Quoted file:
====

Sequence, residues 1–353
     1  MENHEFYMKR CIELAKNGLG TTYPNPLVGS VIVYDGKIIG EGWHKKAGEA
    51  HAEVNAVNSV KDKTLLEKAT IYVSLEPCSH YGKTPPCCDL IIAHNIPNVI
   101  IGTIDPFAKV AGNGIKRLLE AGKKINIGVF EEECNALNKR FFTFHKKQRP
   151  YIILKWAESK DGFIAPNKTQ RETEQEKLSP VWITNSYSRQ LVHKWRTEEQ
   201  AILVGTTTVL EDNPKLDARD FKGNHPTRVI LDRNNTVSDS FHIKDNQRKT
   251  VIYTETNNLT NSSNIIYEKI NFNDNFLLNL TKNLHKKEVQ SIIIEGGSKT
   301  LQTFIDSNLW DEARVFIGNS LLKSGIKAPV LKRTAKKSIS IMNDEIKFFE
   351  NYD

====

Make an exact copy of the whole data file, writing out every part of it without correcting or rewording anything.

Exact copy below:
Sequence, residues 1–353
     1  MENHEFYMKR CIELAKNGLG TTYPNPLVGS VIVYDGKIIG EGWHKKAGEA
    51  HAEVNAVNSV KDKTLLEKAT IYVSLEPCSH YGKTPPCCDL IIAHNIPNVI
   101  IGTIDPFAKV AGNGIKRLLE AGKKINIGVF EEECNALNKR FFTFHKKQRP
   151  YIILKWAESK DGFIAPNKTQ RETEQEKLSP VWITNSYSRQ LVHKWRTEEQ
   201  AILVGTTTVL EDNPKLDARD FKGNHPTRVI LDRNNTVSDS FHIKDNQRKT
   251  VIYTETNNLT NSSNIIYEKI NFNDNFLLNL TKNLHKKEVQ SIIIEGGSKT
   301  LQTFIDSNLW DEARVFIGNS LLKSGIKAPV LKRTAKKSIS IMNDEIKFFE
   351  NYD